In this post I would like to briefly comment on three points raised by J. B. Taylor, George Selgin, and Scott Sumner. Though these points have been raised before, they are worth reviewing.
- B. Taylor delivered his lecture on the challenges of monetary policy in an international context. The first challenge, of course, is that the strategy, or policy decisions, of a major central bank affects the decision making of other major central banks. This could result in an unintended loose policy at the international level as central banks around the world react to an expansionary policy by a major central bank, like the Federal Reserve. Say, for instance, that after 2001 the Fed would have decided to reduce the federal funds rate target and expand monetary supply. Because of these, a major trade partner, say China, decides to peg it exchange rate with the U.S. dollar to avoid the effects on its trade with the U.S. To do this, China needs to mimic the Fed’s policy. The international effects of Fed’s policy are certainly significant. The two largest crises in Latin America happened after the two largest deviations by the Fed from Taylor’s rule (here). But to be conscious of these issues does not mean the solution is easy. Leith and Wren-Lewin (2009) show that when assuming open economies, the Taylor rule may be indeterminate or produce spill over to other economies.
Selgin draws a distinction between monetary policy rules and pseudo-rules. A pseudo-rule is a rule that fails to accomplish its objective because there is no reason by the monetary authority to actually observe the rule and hit a given target. The reason why a monetary authority may fail to observe a given rule is because it suffers no penalty in failing to achieve a given target (i.e. an inflation target.) This principle should make sense. If the CEO of a company fails to achieve the objectives mandated by the investors and owners of a firm, he can ultimately lose his job. But this is not always the norm in central banking. The “CEO” of a central bank may suffer no penalty for failing to adhere to a rule, which is tantamount to his mandate. Certainly there are reasons that are beyond the monetary authority that might result in failing to achieve a given target. Real shocks, international political and economic events, and other policy maker’s behavior- these are a few examples of unexpected effects that the central banker is unable to predict. Similarly, there are reasons beyond the CEO of a firm’s strategy of why he might fail to achieve his investors targets. Just as failures should not be excusable, not every failure to achieve a target is the fault of the monetary authority. This does not mean, however, that the monetary authority should go unchecked. It simply means that the designed rule should be as simple as possible and that its outcome should be isolated from factors outside of the control of central bankers.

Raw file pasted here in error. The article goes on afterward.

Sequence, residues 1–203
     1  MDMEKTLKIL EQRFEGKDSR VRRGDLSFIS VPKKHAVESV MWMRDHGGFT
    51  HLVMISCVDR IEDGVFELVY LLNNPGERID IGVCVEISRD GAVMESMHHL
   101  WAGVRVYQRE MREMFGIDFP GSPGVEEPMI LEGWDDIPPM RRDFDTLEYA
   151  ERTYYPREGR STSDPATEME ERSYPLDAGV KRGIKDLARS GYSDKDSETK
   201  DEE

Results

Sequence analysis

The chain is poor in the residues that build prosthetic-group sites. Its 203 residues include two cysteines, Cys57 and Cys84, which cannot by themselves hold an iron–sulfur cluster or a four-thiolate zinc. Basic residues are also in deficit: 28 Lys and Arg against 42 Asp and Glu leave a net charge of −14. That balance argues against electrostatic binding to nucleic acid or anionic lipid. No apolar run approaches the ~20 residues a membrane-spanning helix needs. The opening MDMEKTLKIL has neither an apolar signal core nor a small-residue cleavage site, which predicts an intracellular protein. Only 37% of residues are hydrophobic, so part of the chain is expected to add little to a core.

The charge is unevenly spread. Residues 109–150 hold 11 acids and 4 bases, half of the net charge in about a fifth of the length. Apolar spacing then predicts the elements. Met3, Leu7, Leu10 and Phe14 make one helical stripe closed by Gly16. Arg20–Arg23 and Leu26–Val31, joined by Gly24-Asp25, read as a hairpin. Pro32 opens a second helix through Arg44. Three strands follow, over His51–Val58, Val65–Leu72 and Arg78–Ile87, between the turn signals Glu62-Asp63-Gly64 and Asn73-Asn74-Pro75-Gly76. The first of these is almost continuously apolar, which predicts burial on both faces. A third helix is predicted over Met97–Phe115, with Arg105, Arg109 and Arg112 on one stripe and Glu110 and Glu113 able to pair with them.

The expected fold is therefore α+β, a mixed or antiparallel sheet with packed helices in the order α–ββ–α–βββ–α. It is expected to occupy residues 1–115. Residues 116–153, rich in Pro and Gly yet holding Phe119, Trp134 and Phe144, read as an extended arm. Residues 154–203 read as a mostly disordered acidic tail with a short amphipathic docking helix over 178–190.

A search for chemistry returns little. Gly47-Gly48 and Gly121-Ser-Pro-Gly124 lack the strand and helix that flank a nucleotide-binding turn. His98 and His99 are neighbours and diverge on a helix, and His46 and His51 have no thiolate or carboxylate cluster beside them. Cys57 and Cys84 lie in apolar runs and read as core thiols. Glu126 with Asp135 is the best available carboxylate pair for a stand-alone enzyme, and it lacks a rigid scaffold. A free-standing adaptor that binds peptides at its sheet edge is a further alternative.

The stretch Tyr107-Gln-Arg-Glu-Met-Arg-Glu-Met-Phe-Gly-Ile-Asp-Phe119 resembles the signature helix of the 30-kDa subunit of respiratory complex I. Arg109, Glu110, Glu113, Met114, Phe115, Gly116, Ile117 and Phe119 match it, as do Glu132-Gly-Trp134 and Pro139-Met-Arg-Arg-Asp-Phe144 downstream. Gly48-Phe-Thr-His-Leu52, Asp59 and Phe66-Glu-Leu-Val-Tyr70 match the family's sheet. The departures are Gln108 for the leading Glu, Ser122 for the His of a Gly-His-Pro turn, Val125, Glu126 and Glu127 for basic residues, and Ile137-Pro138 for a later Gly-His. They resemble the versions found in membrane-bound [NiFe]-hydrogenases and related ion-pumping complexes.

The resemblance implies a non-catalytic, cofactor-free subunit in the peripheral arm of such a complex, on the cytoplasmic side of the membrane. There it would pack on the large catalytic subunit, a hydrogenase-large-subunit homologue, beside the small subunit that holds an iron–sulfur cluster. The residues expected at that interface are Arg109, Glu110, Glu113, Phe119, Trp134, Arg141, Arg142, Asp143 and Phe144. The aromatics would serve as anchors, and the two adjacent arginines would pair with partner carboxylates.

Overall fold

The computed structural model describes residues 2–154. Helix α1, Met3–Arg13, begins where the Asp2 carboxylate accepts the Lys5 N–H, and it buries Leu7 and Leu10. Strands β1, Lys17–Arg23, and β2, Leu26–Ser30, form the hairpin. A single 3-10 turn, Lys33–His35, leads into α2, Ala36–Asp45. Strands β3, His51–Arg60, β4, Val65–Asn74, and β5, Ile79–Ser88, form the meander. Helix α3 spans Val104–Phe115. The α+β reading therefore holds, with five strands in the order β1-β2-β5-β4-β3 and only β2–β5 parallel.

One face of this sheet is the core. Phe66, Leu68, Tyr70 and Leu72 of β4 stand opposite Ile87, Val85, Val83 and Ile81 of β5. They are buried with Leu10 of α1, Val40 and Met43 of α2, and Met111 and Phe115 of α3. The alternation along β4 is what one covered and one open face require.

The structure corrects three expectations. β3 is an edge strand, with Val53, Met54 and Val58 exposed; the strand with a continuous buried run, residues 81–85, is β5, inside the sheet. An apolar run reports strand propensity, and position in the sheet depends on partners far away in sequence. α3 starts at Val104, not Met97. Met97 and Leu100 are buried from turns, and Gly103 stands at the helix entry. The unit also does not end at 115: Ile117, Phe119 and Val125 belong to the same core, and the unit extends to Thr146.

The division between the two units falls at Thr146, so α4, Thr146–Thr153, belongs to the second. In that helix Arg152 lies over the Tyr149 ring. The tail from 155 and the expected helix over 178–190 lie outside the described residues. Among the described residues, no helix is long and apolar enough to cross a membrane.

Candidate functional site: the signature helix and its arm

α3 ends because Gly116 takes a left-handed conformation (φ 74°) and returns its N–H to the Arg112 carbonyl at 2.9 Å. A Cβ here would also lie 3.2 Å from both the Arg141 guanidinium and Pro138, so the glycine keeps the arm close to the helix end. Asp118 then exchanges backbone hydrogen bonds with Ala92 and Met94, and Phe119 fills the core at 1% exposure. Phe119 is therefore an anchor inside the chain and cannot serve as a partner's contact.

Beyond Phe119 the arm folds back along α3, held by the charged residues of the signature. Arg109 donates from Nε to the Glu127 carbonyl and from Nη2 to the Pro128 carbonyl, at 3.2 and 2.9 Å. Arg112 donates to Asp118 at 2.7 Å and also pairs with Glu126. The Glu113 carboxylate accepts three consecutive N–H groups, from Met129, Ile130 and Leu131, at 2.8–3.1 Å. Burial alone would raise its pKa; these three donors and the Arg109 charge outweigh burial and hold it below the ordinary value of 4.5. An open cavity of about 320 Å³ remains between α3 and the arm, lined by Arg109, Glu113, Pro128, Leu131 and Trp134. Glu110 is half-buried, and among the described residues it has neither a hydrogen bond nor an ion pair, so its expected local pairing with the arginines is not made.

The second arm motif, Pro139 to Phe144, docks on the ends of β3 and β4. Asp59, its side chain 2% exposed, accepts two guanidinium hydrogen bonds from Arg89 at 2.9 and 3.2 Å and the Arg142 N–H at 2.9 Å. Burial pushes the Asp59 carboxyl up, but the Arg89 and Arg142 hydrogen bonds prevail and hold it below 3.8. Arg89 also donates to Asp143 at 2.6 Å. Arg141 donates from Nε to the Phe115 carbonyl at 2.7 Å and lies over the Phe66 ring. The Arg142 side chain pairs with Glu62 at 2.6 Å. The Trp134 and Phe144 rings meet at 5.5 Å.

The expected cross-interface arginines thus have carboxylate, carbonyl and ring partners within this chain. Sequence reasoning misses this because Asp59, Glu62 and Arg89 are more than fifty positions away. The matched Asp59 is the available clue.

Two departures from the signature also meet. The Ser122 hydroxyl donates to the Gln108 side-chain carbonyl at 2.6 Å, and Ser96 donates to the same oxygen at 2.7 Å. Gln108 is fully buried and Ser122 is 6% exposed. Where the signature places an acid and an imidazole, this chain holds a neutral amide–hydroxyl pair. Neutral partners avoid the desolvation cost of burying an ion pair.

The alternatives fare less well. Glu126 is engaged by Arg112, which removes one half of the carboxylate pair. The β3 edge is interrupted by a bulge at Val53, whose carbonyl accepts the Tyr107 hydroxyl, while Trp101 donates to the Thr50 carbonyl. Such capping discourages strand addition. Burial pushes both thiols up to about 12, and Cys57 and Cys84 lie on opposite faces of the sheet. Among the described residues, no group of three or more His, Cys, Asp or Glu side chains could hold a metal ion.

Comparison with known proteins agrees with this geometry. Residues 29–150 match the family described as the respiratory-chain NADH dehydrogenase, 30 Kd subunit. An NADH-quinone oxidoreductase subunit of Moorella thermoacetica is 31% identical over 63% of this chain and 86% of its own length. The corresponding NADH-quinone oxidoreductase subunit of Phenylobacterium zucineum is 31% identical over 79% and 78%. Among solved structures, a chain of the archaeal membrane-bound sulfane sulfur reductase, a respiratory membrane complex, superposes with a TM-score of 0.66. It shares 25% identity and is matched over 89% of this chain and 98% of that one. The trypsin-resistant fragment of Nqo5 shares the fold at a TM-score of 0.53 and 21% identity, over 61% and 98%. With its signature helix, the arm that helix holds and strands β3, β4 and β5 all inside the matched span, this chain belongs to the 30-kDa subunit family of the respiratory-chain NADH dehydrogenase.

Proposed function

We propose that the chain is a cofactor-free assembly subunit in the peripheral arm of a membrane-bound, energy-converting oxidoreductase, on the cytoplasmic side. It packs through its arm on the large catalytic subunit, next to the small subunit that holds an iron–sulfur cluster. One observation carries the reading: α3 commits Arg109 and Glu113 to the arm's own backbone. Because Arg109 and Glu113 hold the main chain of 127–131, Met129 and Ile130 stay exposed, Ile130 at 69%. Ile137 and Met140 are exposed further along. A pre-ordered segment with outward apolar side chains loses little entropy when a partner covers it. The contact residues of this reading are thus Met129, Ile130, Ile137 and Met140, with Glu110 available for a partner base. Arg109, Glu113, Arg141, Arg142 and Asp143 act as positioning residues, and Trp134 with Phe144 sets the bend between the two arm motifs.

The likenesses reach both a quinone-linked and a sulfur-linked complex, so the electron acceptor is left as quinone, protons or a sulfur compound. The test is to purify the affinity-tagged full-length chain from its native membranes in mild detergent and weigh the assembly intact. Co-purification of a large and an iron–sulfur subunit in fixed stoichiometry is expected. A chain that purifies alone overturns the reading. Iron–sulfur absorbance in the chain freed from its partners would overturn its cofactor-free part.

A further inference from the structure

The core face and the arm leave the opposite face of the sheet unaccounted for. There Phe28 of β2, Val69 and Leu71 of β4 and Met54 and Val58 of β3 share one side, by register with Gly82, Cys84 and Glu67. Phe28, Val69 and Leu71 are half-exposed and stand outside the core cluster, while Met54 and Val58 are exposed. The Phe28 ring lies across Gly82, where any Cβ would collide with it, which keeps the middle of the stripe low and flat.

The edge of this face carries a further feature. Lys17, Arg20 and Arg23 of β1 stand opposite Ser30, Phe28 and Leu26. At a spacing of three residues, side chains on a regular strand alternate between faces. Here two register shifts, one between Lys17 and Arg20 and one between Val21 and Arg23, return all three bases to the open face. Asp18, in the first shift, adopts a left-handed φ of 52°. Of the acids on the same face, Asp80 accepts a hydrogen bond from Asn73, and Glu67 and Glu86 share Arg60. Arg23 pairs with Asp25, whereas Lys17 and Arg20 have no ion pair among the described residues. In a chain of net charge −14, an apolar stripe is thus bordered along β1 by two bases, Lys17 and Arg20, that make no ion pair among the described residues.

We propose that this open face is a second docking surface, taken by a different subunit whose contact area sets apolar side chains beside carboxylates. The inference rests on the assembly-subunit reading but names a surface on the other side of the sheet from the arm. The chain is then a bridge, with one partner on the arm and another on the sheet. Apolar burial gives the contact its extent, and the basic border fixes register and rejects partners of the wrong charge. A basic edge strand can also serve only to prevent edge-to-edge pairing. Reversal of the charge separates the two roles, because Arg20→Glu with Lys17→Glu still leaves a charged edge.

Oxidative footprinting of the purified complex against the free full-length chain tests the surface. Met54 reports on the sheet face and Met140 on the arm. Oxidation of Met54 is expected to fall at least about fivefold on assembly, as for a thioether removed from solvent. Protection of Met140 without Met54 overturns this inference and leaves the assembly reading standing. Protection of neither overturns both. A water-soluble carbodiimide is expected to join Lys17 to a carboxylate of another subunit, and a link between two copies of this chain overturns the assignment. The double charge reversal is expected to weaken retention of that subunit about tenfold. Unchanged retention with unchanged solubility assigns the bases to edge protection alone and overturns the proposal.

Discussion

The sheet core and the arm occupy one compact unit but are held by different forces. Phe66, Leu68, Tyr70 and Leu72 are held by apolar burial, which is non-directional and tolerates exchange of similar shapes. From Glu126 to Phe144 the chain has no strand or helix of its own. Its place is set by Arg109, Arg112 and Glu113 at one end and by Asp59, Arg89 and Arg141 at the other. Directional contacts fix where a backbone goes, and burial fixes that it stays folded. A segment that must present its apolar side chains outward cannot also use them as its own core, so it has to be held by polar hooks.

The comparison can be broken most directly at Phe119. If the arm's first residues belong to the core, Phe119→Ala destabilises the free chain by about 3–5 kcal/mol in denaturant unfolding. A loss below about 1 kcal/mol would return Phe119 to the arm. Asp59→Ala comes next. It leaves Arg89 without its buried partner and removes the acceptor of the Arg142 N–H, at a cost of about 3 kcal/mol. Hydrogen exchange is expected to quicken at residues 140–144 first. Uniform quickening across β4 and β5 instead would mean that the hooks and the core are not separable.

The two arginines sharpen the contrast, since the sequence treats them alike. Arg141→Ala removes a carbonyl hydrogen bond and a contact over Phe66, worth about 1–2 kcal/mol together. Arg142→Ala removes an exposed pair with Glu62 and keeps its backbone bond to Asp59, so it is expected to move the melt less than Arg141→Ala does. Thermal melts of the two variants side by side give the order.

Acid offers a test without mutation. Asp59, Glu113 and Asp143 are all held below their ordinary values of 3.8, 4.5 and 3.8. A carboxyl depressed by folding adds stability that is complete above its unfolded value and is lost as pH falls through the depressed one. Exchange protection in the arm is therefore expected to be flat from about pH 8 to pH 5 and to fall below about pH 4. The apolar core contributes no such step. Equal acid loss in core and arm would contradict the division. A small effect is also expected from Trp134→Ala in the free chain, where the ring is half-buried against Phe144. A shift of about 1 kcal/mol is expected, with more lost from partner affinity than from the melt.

Finally, Sumner says that Federal Reserve communications are not clear enough. What does it mean, exactly, when the Fed says that monetary policy has been tight or loose? To summarize his argument, it can be misleading to reason just from a change in interest rate. A fall in interest rates is associated with a loose monetary policy because it is associated with a shift of the credit supply. But it can be the case that credit demand has fallen. Sumner argues that this was likely the case after 2008. He further points out that a similar scenario that is labeled as tight in the Great Depression is now days labeled as loose. A way to think of a loose monetary policy is when money supply is expanded beyond money demand producing a monetary disequilibrium. This excess of money supply can be channeled through the credit market (as is usually the case in the U.S.) or through government spending (think of Argentina and Venezuela in recent years.) A tight monetary policy can be understood as the opposite scenario. Sumner suggested looking at Nominal Gross Domestic Product (NGDP,) a proxy of total nominal spending. In particular (as I understand it), a deviation from a stable NGDP trend means that nominal spending is exceeding (loose) or falling short (tight) with respect to expected nominal income.